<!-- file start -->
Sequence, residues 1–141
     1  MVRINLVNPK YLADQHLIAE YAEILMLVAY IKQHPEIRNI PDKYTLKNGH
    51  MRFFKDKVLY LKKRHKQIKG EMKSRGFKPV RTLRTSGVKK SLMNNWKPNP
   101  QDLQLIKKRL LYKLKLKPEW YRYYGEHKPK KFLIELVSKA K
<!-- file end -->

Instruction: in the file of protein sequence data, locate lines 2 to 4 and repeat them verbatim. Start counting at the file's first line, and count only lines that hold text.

     1  MVRINLVNPK YLADQHLIAE YAEILMLVAY IKQHPEIRNI PDKYTLKNGH
    51  MRFFKDKVLY LKKRHKQIKG EMKSRGFKPV RTLRTSGVKK SLMNNWKPNP
   101  QDLQLIKKRL LYKLKLKPEW YRYYGEHKPK KFLIELVSKA K